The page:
Five years after a West Andrew Johnson Highway paving project rotated onto the state to-do list, the work will be accomplished in the coming days, authorities say.
The Morristown City Council on Tuesday awarded the $845,000 contract to Summers Taylor to pave seven-tenths of a mile of West Andrew Johnson Highway between Walters Drive and the S-curve at the Crescent Center shopping center.
The contract includes stormwater work and the installation of new traffic signals, including mast arms at the intersection of WAJ and Economy Road. The project was delayed, in part, by land acquisition for the mast arm, required environmental studies and state approval of the contract with Summers Taylor.
In another contract-related matter, councilmembers unanimously approved a one-year agreement to provide four full-time school-resource officers for the Hamblen County school system through June 2021. The $80,000 the school board will provide represents 44% of the officers’ school-year salaries and benefits, according to Joey Barnard, assistant city administrator.
Councilmembers also authorized city officials to apply for a Tennessee Department of Transportation multimodal grant to extend the greenway trail along South Cumberland Street from its current terminus at Freddie Kyle Park to Davis Street.
If city government receives the top $950,000 award, it would require a $50,000 local match.
As colder weather approaches, councilmembers authorized spending up to $50,000 for 600 tons of rock salt at the state contract price.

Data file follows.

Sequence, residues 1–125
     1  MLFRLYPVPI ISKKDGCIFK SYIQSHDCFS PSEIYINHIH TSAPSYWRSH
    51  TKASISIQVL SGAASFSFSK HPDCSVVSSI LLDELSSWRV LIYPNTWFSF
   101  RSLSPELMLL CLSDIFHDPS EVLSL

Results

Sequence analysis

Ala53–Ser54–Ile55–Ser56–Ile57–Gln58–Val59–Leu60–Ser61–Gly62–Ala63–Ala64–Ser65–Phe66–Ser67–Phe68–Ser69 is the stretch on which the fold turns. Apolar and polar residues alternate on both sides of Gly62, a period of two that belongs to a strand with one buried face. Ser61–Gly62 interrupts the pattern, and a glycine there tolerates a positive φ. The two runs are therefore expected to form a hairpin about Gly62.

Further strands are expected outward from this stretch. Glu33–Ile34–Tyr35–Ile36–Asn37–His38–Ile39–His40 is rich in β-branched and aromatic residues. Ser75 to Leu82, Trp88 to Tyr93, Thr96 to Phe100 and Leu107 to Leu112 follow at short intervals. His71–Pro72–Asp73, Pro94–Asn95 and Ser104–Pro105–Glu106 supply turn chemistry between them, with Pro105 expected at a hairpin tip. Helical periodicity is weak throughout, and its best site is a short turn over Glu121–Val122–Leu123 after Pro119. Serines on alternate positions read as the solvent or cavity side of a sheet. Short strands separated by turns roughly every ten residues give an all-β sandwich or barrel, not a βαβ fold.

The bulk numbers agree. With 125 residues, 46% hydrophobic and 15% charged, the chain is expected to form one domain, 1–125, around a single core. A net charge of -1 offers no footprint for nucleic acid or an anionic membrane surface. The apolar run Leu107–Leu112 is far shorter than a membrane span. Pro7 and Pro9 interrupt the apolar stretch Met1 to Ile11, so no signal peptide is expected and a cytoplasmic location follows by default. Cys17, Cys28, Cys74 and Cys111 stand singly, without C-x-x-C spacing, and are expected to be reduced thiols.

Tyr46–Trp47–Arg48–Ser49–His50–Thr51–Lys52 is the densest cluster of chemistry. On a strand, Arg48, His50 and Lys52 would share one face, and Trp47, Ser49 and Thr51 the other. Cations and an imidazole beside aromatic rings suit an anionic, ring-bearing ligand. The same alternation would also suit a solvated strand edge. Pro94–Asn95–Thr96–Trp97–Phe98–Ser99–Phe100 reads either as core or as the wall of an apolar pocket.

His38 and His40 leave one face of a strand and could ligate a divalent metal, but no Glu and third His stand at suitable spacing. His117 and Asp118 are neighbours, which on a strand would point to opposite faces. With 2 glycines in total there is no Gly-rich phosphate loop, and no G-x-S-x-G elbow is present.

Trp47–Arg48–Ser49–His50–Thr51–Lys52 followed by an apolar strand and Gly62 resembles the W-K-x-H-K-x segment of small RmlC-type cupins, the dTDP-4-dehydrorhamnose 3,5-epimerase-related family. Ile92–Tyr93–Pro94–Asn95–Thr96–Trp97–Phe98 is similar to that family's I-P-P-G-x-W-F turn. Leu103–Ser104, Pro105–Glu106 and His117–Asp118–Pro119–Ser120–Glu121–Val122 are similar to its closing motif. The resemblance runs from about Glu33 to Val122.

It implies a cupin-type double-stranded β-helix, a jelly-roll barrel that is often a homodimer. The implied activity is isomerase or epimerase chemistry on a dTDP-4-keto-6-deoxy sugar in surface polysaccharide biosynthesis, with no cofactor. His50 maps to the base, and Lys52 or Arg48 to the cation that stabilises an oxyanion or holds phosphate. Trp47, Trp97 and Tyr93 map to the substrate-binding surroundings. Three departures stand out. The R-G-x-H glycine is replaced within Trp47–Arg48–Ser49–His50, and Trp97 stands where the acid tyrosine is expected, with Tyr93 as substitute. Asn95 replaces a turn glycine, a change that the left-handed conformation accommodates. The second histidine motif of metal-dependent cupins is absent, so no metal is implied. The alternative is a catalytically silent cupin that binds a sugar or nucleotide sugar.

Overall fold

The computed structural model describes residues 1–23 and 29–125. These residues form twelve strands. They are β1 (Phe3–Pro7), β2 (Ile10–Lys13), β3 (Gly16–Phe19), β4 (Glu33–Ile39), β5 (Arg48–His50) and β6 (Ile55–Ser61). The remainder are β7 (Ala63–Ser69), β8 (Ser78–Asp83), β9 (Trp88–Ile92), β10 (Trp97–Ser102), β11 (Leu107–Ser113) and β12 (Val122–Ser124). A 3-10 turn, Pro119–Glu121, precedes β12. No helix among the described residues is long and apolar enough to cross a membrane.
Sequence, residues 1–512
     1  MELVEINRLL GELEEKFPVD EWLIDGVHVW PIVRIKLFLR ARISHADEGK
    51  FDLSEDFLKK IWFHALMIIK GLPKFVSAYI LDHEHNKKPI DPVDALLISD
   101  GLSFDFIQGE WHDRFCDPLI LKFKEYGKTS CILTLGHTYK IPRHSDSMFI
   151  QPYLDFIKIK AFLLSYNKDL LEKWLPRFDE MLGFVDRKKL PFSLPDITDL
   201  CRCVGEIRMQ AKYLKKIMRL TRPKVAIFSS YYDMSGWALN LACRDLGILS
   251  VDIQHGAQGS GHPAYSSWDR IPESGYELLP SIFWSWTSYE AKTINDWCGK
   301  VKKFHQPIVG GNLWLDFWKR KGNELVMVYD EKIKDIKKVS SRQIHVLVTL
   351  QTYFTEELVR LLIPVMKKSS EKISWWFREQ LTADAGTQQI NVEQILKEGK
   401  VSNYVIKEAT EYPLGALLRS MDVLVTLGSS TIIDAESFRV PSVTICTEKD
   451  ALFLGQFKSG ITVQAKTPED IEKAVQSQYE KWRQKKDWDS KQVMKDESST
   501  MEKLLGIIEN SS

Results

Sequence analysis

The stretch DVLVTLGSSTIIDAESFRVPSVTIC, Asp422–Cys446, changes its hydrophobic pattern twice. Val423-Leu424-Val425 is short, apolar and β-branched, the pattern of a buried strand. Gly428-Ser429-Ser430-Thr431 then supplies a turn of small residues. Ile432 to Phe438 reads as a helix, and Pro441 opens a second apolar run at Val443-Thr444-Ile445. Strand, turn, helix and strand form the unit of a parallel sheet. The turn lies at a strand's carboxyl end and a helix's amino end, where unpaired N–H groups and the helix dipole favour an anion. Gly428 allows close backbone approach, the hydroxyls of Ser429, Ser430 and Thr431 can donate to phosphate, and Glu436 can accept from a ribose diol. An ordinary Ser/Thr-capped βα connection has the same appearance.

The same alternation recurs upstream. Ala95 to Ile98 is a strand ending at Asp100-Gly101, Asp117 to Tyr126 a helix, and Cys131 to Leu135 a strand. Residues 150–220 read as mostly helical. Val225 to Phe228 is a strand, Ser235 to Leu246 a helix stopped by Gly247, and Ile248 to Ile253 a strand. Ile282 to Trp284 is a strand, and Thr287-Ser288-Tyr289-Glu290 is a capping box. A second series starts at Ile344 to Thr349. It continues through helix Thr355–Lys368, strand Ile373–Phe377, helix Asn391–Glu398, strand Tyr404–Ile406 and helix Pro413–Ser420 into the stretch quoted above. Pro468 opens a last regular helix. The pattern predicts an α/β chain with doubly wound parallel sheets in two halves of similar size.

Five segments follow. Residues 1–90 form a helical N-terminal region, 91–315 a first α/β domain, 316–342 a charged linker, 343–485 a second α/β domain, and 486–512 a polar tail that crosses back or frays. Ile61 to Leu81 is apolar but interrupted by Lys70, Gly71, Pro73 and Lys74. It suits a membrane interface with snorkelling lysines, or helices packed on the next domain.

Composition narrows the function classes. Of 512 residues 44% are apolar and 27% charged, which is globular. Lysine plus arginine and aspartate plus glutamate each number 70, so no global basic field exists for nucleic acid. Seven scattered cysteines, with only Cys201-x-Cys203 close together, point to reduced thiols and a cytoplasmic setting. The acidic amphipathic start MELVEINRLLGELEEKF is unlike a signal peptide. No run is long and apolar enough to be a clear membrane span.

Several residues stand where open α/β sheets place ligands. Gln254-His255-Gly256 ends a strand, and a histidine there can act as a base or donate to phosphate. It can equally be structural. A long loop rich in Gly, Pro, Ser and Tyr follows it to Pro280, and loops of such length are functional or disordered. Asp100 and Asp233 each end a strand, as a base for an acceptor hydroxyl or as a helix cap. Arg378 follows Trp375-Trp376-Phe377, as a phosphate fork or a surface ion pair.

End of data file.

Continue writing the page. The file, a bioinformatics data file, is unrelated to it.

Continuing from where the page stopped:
The authorization does not obligate city government to buy the rock salt.
Due to relatively light snowfall in recent years, Morristown already has about 600 tons in storage.
While the matter would require council approval, Morristown Mayor Gary Chesney announced Tuesday that a proposed name change has emerged for Heritage Park.
The name that emerged from negotiations is Fulton-Hill Park, a name that honors former slave and Morristown College professor Andrew Fulton and Judson S. Hill, the founding father of the school.
Chesney says the proposed new name maintains the tradition of naming city parks after people.
Councilmember Kay Senter told Chesney that she would have preferred council input on the matter. Councilmembers are expected to vote on the name change at the Nov. 17 meeting.
Members of the Morristown Black community opposed the name Heritage Park, because the word “heritage” has been co-opted by racist groups.
All councilmembers support the name change.